Global Technology Systems, Inc.

B-408461: Aug 30, 2013

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Global Technology Systems, Inc. (GTS), of Framingham, MA, protests its exclusion from the competitive range under request for proposals number HQ0682-13-R-0008 (RFP) for high capacity batteries, issued by the Joint Improvised Explosive Device Defeat Organization (JIEDDO), a component of the Department of Defense. GTS challenges the agency's rejection of its proposal as technically unacceptable, arguing that the underlying evaluation was unreasonable and inconsistent with the terms of the RFP.

We deny the protest.

Decision

Matter of: Global Technology Systems, Inc.

File: B-408461

Date: August 30, 2013

Michael Grosberg, Global Technology Systems, Inc., for the protester.
Kyle E. Chadwick, Esq., Department of the Army, for the agency.
Christopher L. Krafchek, Esq., and Jonathan L. Kang, Esq., Office of the General Counsel, GAO, participated in the preparation of the decision.

DIGEST

Protest challenging agency’s rejection of proposal as technically unacceptable is denied where agency’s evaluation was reasonable and consistent with solicitation terms.

DECISION

Global Technology Systems, Inc. (GTS), of Framingham, MA, protests its exclusion from the competitive range under request for proposals number HQ0682-13-R-0008 (RFP) for high capacity batteries, issued by the Joint Improvised Explosive Device Defeat Organization (JIEDDO), a component of the Department of Defense. GTS challenges the agency’s rejection of its proposal as technically unacceptable, arguing that the underlying evaluation was unreasonable and inconsistent with the terms of the RFP.

We deny the protest.

BACKGROUND

On January 24, 2013, JIEDDO issued request for information No. W15QKN-13-R-0081 (RFI) for Counter Remote Control Improvised Explosive Device Electronic Warfare (CREW) high capacity lithium-ion batteries. Protest at 2. GTS responded to the RFI with a statement of interest and also indicated that it possessed the capability to meet the RFI’s technical requirements. Id.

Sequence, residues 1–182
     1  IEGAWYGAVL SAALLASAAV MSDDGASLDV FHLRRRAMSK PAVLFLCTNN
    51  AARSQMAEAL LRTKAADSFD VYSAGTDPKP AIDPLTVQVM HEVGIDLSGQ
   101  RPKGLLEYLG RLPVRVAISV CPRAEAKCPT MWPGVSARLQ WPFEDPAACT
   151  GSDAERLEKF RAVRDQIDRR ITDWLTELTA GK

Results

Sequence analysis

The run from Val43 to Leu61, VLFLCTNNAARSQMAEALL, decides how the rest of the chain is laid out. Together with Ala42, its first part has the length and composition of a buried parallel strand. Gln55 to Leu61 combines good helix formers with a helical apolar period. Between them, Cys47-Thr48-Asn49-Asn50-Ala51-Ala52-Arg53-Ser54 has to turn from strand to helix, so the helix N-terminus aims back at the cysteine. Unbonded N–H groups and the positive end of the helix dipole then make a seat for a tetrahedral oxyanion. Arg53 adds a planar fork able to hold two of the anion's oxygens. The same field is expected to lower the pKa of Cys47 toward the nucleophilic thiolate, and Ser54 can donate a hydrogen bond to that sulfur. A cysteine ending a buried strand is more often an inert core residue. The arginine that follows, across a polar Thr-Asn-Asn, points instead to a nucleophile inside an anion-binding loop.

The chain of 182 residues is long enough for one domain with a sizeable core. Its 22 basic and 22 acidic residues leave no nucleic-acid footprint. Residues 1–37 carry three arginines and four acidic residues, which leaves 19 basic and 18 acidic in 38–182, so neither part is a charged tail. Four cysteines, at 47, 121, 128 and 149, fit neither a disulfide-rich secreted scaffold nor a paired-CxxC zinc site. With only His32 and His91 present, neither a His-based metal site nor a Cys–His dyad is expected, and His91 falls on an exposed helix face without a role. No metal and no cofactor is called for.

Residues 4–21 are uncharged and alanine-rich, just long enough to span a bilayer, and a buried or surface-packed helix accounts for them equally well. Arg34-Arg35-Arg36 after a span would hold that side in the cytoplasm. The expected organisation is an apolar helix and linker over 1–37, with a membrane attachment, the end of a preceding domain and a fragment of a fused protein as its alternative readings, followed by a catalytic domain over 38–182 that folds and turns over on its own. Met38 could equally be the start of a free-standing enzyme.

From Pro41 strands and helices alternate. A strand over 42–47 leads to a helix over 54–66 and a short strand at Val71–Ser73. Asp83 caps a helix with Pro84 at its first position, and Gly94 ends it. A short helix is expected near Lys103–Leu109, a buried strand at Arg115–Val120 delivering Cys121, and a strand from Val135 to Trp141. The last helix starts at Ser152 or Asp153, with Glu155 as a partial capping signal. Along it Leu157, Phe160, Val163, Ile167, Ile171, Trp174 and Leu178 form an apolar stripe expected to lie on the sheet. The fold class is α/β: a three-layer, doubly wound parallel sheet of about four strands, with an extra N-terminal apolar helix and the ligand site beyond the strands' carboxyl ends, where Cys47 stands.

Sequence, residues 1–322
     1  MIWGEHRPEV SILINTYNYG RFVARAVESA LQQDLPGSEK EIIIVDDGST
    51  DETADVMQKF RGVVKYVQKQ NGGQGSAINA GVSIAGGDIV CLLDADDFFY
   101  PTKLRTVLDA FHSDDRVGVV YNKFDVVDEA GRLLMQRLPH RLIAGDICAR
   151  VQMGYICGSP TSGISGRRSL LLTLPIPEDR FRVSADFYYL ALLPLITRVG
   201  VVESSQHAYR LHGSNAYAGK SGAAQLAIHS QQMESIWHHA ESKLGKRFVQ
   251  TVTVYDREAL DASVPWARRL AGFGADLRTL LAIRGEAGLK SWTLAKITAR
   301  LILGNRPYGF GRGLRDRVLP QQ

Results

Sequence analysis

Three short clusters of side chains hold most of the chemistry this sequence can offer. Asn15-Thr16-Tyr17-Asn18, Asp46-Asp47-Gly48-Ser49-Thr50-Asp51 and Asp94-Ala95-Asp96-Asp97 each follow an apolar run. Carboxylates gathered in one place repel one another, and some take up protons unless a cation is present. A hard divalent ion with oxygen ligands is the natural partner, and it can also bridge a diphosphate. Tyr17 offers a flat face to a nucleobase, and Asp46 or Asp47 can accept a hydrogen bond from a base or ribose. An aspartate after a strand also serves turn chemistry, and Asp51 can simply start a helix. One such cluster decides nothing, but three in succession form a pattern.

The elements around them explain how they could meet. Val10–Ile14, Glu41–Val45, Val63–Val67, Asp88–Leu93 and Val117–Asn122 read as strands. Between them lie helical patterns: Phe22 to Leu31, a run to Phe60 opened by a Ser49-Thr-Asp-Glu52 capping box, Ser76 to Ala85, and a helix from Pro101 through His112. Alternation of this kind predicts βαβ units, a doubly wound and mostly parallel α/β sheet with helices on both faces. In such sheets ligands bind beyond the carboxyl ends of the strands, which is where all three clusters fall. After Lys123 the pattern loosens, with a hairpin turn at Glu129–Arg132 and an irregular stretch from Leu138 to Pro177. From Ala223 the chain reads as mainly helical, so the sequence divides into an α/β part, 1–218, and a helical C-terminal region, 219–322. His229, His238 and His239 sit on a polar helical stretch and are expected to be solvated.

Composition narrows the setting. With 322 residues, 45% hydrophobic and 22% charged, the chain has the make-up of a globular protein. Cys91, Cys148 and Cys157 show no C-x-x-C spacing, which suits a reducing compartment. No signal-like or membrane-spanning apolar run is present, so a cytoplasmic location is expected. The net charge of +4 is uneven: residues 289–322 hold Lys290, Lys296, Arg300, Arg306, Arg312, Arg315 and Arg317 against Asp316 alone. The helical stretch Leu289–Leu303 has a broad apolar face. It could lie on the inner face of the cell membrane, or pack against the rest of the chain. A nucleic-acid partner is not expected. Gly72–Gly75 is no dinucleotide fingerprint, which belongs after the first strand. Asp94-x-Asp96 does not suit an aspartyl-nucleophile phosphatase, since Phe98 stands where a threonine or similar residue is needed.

On April 1, JIEDDO issued solicitation number HQ0682-13-R-0007 seeking proposals for rechargeable lithium-ion batteries. GTS submitted a proposal in response to this solicitation. Protest at 2. JIEDDO subsequently canceled the solicitation prior to evaluating proposals because the solicitation did not address first article testing. Contracting Officer’s Statement (COS) at 1.

JIEDDO issued the current RFP (HR0682-13-R-0008) on May 16, seeking proposals to provide “Dismounted CREW Systems High Capacity Batter[ies].” RFP at 3. As specified in the solicitation, JIEDDO sought to procure up to 10,750 batteries at a fixed unit price, with first article testing at no extra cost to the government, and an option to purchase up to an additional 10,750 batteries. Id. at 3-5. The RFP stated that the proposed batteries must satisfy the salient characteristics of applicable military performance specifications and the additional specifications outlined in Section C of the RFP. Id. These specifications identified the battery’s dimensions, weight, nominal and maximum voltage, watt-hour rating, capacity, discharge, pulse discharge, operating and storage temperature, and other technical details. Id. at 6.

The RFP included the clause at Federal Acquisition Regulation (FAR) § 52.212-1, entitled “Instructions to Offerors-Commercial Items,” and advised prospective offerors that their offers must show, as relevant here:

(4) A technical description of the items being offered in sufficient detail to evaluate compliance with the requirements in the solicitation. This may include product literature, or other documents, if necessary;